ice, placed, water, refrigerator, drain, time and iron

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Wash-tubs.--Wooden wash-tubs are very un sanitary, as they rot, leak, and become foul and slimy. Slate and soapstone are hard to keep tight. Porcelain and enamelled iron are expensive, while Alberine stone is economical and easy to keep clean.

Kitchen-Sinks.—Porcelain-lined sinks are very attractive and clean, but they readily chip or " craze " ; and most housekeepers prefer a plain black iron sink, which costs far less and can be kept reasonably clean.

Refrigerators.—A refrigerator should be of ample size, and lined with enamelled tiles or glass, so as to he absolutely non-absorbent. There should be no wood in contact with the ice, nor should milk, butter, or other food be placed in the same compartment with the ice. There is no saving in wrapping ice in newspapers or woollen blankets to prevent rapid melting. Articles likely to taint other foods should not be placed in the refrigerator ; and the latter should be scalded frequently, and the shelves taken out and aired. The waste-pipe for melted ice in particular needs frequent cleansing.

Water placed in bottles in the ice is much more palatable than iced water. A better plan is to provide a square box, lined with galvanised iron, with a coil of supply-pipe, in the bottom, on which several days' supply of ice can be kept—sufficient to cool the drinking-supply without contact with the ice. Such a box can be made for 112, and it will soon pay for itself by the saving in labour and ice. A refrigerator should never connect direct with a drain or sewer, but should empty into a pan or over a sink in the cellar, with the end of the waste-pipe turned up to form a trap. In planning kitchens, most builders forget to provide a suitable place for the refrigerator, where it can be filled from outdoors, and, at the same time, be easily reached without going outside or downstairs. It should never be placed where it is very warm, nor in a dark corner. (See Figs. 36o, 361).

No article of food taken from a sick-room—such as jelly, custard, fruit, etc.should ever be stored with other foods, nor eaten by other persons than the invalid for \Iion) it \vas prepared ; and all remnants should be destroyed. A wooden box placed outside the window will, in cold weather,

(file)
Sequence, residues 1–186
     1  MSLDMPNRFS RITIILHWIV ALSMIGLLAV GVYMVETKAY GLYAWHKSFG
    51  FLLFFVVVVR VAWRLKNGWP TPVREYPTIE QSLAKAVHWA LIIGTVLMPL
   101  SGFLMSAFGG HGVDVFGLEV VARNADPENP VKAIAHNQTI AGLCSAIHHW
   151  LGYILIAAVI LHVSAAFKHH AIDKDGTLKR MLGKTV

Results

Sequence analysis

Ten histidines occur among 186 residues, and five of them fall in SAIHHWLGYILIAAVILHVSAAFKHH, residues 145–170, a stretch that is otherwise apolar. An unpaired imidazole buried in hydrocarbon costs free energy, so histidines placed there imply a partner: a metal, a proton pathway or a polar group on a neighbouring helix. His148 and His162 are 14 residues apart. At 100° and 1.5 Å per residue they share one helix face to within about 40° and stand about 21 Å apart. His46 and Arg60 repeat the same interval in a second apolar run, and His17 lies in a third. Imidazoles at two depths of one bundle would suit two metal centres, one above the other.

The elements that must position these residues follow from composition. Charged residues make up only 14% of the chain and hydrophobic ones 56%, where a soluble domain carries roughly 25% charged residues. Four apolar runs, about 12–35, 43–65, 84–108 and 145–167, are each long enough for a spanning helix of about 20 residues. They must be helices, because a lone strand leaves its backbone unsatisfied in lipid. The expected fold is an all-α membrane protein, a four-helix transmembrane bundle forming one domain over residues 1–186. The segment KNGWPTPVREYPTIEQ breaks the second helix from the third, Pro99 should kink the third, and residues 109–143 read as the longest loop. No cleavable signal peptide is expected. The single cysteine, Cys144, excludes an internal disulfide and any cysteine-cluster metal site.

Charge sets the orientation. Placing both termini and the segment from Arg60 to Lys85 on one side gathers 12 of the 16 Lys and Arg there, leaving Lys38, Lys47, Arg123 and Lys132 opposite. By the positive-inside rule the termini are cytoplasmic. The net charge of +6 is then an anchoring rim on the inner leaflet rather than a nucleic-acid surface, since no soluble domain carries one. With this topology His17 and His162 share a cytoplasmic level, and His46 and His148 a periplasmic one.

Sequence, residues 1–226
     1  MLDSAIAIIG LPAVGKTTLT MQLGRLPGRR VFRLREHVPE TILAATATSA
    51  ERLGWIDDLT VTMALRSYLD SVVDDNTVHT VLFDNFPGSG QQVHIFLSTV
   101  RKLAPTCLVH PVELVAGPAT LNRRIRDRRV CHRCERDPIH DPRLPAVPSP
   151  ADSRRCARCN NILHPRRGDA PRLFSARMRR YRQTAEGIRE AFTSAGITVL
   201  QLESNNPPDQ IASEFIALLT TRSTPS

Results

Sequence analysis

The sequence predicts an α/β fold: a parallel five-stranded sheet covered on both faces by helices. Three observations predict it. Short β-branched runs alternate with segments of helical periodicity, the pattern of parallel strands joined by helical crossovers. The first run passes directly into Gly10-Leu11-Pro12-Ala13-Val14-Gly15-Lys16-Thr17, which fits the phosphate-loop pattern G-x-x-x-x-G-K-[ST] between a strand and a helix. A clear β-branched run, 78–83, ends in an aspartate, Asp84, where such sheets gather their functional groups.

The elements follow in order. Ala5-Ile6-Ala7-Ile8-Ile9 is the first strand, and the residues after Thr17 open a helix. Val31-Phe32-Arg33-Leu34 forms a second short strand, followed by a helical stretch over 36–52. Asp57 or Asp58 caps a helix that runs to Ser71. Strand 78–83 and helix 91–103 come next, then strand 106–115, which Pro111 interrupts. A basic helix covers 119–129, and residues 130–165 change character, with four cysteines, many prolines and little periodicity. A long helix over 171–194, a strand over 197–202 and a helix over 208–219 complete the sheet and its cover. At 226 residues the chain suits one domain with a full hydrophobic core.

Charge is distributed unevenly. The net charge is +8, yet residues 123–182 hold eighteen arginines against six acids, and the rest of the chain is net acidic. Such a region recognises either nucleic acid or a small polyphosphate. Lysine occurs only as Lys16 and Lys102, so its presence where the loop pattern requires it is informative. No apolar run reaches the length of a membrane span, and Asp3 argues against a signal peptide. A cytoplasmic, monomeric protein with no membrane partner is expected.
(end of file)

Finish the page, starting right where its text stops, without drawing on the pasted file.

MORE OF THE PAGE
serve as a substitute for a refrigerator. It can be protected in front by a curtain or by sliding glass doors (see Fig. 362).

Bathrooms. - -Every bathroom should connect with the open air by a window, and not be lighted by a ventilating shaft or skylight. Set wash-basins are not desirable in sleeping-rooms. The waste-pipes collect soap and grease, and should be cleansed every month or so with potash (lye) dissolved in boiling water. Odours about plumbing fixtures cannot be cured by ordinary disinfectants, which are usually only deodor isers ; and soap- and hot water will serve equally as well in most cases. If there are defects in drains, patches on soil-pipes, or foul traps, it is better to call in a good plumber and have him test the whole drainage s3 stem to find out what is wrong. It is also well to remember that a " cheap " plumber is usually a bungler. Good work is always most economical.

Cesspools.—There are two kinds of cesspools, tight and percolating. If the soil is porous, and there are no wells near by (one hundred feet is a safe distance), the latter form is preferred, as it saves pumping ouL. But the most absorbent soil will, in the course of time, become choked with grease, and the cesspool will fill up, so that a new one will have to be dug. On the other hand, a tight cesspool will have to be pumped out at short intervals, which is a costly and annoying process. Therefore, some other form of sewage disposal is to be preferred on sanitary as well as on economical grounds ; and it will ultimately pay for the extra outlay.

A good substitute for a cesspool is provided by digging a trench—say, ioo feet long, 2 feet deep, and equally wide ; lay a 4-inch tile drain, with open joints, and fill in around it with cobblestones and large gravel of the size of eggs. The top is to be left open, and the fresh sewage discharged into the drain until it fills up to the top. In a short time it will soak away into the soil and disappear. If any odour is perceptible, a pound of copperas should be dissolved in a pail of hot water and emptied into the drain.

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